Although many who have listened to the two songs have observed their similarities , it should be noted that Led Zeppelin claims this chord progression may have been around for centuries.26 It should also be noted that this is not the first time Led Zeppelin has been accused of heavily appropriating, or downright plagiarizing, another artist.27 Even so, the Supreme Court denied to take the case, which was not necessarily unexpected. It is reported that in a typical year, lawyers file almost 8,000 petitions for a writ of certiorari, but usually fewer than 80 are granted.28 The petitioners hoped SCOTUS would take the case in order to calm the recent uproar in the music industry, explaining that since the Ninth Circuit ruling, major copyright decisions have “dramatically” favored defendants, and Hollywood has been given “exactly what it has always wanted: a copyright test which it cannot lose.”29

Despite the writ’s denial, Malifoy feels their ultimate goal was accomplished. He explained, “This lawsuit was about giving credit where credit was due… Today, the world knows that: 1.) Randy (Wolfe) wrote the introduction to Stairway to Heaven; 2.) Led Zeppelin are the greatest art thieves of all time; and 3.) Courts are as imperfect as rock stars.”30


  1. Skidmore as Tr. for Randy Craig Wolfe Tr. v. Led Zeppelin, 952 F.3d 1051 (9th Cir. 2020), petition for cert. filed, No. 20-142 (Aug. 6, 2020), , (hereinafter, “Petition”) []; Nancy Dillon,  Led Zeppelin wins ‘Stairway to Heaven’ copyright battle after U.S. Supreme Court denies case, Daily news (Oct 5, 2020, 2:46 PM) [].

  2. Songfacts, [].

  3. Rockapedia, [].

  4. Songfacts, [].

  5. Skidmore v. Led Zeppelin, No. CV 15-3462, 2016 U.S. Dist. LEXIS 51006, at *6-7 (C.D. Cal. Apr. 8, 2016).

  6. *7.

  7. See Skidmore v. Led Zeppelin, 952 F.3d 1051, 1064 (9th Cir. 2020) (providing analytical background for copyright infringement analysis with respect to protectable exprerssion and protectable elements).

  8. Id.

  9. Id.

  10. Id.

  11. See id. at 1060.

  12. See id.

  13. Andrew Limbong, Led Zeppelin Wins Copyright Dispute Over ‘Stairway To Heaven,’ NPR (Mar. 9, 2020, 3:21 PM),[].

  14. See Max Savage Levenson, The Long And Winding History Of Led Zeppelin’s Blatant Plagiarism, Celebrity Net Worth (May 31, 2014),[]; see also Victoria Miller, Led Zeppelin Won ‘Stairway To Heaven’ Trial On A ‘Technicality,’ Says Plaintiff’s Lawyer — Is An Appeal On The Way?, Inquisitr (June 24, 2016), [].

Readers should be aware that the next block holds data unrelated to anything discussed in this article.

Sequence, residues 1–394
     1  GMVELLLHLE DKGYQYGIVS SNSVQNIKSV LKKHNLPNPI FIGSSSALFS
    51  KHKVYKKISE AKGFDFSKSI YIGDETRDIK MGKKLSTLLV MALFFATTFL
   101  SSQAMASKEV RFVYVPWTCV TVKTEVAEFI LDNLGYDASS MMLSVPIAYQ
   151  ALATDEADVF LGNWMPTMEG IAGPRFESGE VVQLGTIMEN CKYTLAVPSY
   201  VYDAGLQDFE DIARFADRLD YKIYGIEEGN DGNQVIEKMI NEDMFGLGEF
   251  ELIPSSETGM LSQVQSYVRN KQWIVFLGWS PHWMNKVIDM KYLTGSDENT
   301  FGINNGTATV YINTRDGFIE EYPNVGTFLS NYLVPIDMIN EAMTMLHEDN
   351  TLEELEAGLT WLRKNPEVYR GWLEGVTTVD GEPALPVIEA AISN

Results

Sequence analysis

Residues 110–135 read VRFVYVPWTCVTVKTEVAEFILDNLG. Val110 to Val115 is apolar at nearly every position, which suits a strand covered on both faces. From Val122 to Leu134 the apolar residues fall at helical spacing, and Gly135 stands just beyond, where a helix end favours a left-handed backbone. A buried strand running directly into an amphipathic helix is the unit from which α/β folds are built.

15. Skidmore v. Led Zeppelin, 952 F.3d 1051, 1062 (9th Cir. 2020).

  16. See id. at 1060.

  17. See Skidmore, 952 F.3d, at 1061–62.

  18. Dillon, supra note 1.

  19. See Amy X. Wang & Jon Blistein, All You Need to Know About Led Zeppelin’s ‘Stairway to Heaven’ Case, Rolling Stone (Sep. 24, 2019, 6:04 PM), []; see also Jon Blistein, A New Led Zeppelin Court Win Over ‘Stairway to Heaven’ Just Upended a Copyright Precedent, Rolling Stone (Mar. 9, 2020, 3:45 PM), [].

  20. See Skidmore, 952 F.3d, at 1062–64.

  21. See generally Petition, supra note 1.

  22. Id. at 4.

  23. Id. at i.

  24. Id. at 25.

  25. Id. at 9.

  26. See Jimmy Page Testifies Stairway to Heaven Chord Sequence has “Been Around Forever”, The Guardian (June 16, 2016), [].

  27. See Levenson, supra note 14.

  28. See Cillian Breathnach, Stairway to Heaven Legal Battle Resurfaces, US Supreme Court Asked to Intervene, Guitar (Aug. 14, 2020), [].

  29. Petition, supra note 1, at 2.

  30. Dillon, supra note 1.

Ziva Rubinstein

Ziva Rubinstein is a second-year J.D. candidate at Fordham University School of Law and a staff member of the Intellectual Property, Media & Entertainment Law Journal. She is also a member of the Dispute Resolution Society ABA Mediation Team, the Secretary of the Jewish Law Students Association, the co-treasurer of the Latin American Law Students Association, and a Board of Student Affairs Advisor. She holds a Bachelor of Engineering in Biomedical Engineering from Macaulay at CUNY City College.